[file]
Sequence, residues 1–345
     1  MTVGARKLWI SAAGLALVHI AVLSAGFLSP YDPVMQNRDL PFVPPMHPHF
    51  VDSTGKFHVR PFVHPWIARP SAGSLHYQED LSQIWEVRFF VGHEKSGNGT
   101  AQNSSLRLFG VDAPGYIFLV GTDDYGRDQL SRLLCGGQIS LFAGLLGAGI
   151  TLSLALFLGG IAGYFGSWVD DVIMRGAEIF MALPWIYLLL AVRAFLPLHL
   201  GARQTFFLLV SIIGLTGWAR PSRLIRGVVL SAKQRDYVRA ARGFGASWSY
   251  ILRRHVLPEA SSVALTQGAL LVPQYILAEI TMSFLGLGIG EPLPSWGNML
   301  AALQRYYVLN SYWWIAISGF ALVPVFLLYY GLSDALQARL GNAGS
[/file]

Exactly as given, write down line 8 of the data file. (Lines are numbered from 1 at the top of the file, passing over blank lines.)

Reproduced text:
   301  AALQRYYVLN SYWWIAISGF ALVPVFLLYY GLSDALQARL GNAGS